Hello Again Readers,
Our resident pheromone researcher James Kohl is just back from the annual conference of the Association for Chemoreception Sciences, which among other types of “chemoreception” has a lot to do with pheromone communication. James was kind enough to give us glimpse into the conference for this month’s PheroNews. Please have a look below.
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*pheromone Q and A
*Feature Article: Report from the Association for Chemoreception Sciences
-James V. Kohl
*pheromones in the Cinema
*User Corner; Reader pheromone Story
pheromone Q and A:
This month, some technical points for experienced users:
Q: What constitutes a ‘drop’ with the Primal Instinct bottle? Should I use the AE (Alter Ego) ‘drop’ as a gauge?
A: Don’t use the AE dropper for PI. PI is very thick. My bottle of PI requires a little shaking to get the stuff to come out, but others have told me they just turn the bottle over and the oil will drip out on its own. In any case, a “drop” is what comes out of that dripper-top plastic sleave when you turn the bottle over. It is not very much.
Q: I am not getting results as strong as I would like. Should I be using more?
A: I would try more only gradually. And also different combinations of the products you have. Your strongest horse there is the Alter Ego. I would experiment quite a bit with that one on its own too. Personally, I would experiment mostly with different amounts of AE (using your nose as your guide since it is a cologne), adding a drop or 2 of PI sometimes. Then just keep at it. 1 in 4 women are fairly immune to pheromones (even natural ones sadly enough). Women on the pill don’t react very well. Women with colds don’t get it. Women who are very uptight in publlic will be almost impossible to read. Married women with young kids will be immune. And the list goes on. Your available targets are not as many as you might think based on a quick survey. Just keep at it. Try tallking to women working in clothing shops or behind fragrance counters. Young working women are usually single and available.
Q: Is it possible that my product has become inert due to cold? It was shipped FedEx overnight and was pretty cold when I received it (live in the Northeast). What is the temperature range for these products?
A: No, that should not be a problem. You could store them in the fridge and not hurt them.
Q: How long does AE or PI remain effective after application? How often should I re-apply?
A: It will begin fading immediately after application, but the pheromones are very tenacious, more so than cologne. You can reaply whenever you want, but like I said, the fragrance will fade before the pheros. In hot weather the pheros will morph into undesireable smells sometimes, and you need to wash them off.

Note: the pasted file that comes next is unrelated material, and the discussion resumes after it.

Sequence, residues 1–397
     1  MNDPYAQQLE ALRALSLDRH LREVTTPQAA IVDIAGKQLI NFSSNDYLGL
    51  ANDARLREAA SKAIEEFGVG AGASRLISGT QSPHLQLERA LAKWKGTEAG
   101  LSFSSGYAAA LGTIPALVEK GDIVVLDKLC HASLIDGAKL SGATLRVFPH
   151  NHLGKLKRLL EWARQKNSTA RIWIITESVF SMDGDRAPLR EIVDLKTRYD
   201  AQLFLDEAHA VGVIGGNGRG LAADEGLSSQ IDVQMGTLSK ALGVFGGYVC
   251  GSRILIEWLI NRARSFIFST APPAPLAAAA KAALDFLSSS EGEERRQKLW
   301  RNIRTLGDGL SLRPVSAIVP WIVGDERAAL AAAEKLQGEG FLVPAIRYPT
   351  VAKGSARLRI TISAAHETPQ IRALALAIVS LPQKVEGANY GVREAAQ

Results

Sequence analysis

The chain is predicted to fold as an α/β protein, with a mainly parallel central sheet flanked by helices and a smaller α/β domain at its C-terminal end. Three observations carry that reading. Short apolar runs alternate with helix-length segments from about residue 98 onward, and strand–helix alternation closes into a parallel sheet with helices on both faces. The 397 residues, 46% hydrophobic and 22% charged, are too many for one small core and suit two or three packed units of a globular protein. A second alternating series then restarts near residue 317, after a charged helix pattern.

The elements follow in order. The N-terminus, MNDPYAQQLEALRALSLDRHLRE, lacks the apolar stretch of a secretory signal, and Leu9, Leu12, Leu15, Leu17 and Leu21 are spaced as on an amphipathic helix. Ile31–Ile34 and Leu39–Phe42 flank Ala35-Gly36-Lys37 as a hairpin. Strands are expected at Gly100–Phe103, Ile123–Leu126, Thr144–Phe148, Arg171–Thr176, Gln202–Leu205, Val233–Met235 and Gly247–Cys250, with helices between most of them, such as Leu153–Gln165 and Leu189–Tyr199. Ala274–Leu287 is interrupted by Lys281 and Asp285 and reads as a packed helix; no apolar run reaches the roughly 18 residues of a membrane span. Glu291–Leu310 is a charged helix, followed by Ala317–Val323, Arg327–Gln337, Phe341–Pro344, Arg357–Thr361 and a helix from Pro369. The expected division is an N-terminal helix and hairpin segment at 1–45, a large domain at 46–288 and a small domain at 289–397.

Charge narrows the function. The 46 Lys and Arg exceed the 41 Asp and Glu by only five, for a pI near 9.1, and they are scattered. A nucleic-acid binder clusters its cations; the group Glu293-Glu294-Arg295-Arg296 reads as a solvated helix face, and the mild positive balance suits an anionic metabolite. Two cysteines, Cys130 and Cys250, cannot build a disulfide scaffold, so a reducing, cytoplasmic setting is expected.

All the Best,
Report from the Association for Chemoreception Sciences
-James V. Kohl
Conference attendance continues to grow every year. I heard that there were 580 people who registered. In the past, conference abstracts have been posted on-line, long before they become available through subscription to “Chemical Senses”, the association newsletter. There’s been a change in organizational structure, so I’m providing a selected overview here. Of course, the focus is on presentations that deal with aspects of pheromonal communication.
Several presentations focused on the role of the main olfactory system in processing pheromones. I expect this will lead to increased public awareness that the vomeronasal organ (or “VNO”; secondary olfactory system also located in the nose and often credited with the ability to sense pheromones) is not essential to the unconscious affect of pheromones. Just because pheromones come through the nose, doesn’t mean we are consciously aware of them. Like other mammals, we don’t need to think about pheromones for them to have their effect on our hormones.
Note the difference here: “unconscious affect” versus a “cause and effect” relationship. An unconscious affect is a hormonal change (e.g., gonadotropin releasing hormone induced change in levels of luteinizing hormone) that we are not consciously aware of. A cause and effect relationship would be something like linking pheromones to a specific behavior (a scenario that is common in the insect world). pheromones from a female moth attract males for mating. Mammalian behavior is more complicated, yet we know it is affected by pheromones, so “unconscious affect” applies better to mammals, including humans. In contrast to insect pheromones, mammalian pheromones are only likely to elicit cause and effect relationships when the pheromones are present in high enough concentrations to be consciously perceived, and they will typically be negatively perceived. For example, excessive consciously perceived natural body odor almost always has a negative effect on someone who smells it. Donï¿½t mean to labor too long on this point, but in a recent journal submission review, the reviewer wrote:
It is stated “Postnatal affective reactions that occur “This is an example of a vague statement that conveys little meaning. What are these postnatal affective reactions? On a related note, the author states that “an arbitrary odor will elicit a male LH response.”
From one small part of one paragraph (quoted above), it becomes obvious that the reviewer does not understand that the luteinizing hormone (LH) response is the postnatal affective reaction. Actually, the reviewer didn’t seem to understand anything about the concept of human pheromones (as presented in an award winning review article). Reviewers are supposed to be knowledgeable about the papers they review. Obviously, this wasn’t the case. This made it difficult for the reviewer to understand how pheromones could be linked to homosexual orientation (the topic of the journal submission).
The reason I mention the reviewer’s lack of understanding is to contrast the review with the level of understanding/intuition of high school students. One AChemS 2004 researcher presented a study, which was designed by a high school class; she simply supervised and offered some suggestions. The students’ intent was to find out whether one’s friends had a more pleasant odor compared to casual acquaintances, or to people that were unknown to the student. Their findings were that, yes, friends smelled best. The astute researcher asked what the students would like to do in a future study of human pheromones. What about the pheromones of homosexuals, they asked?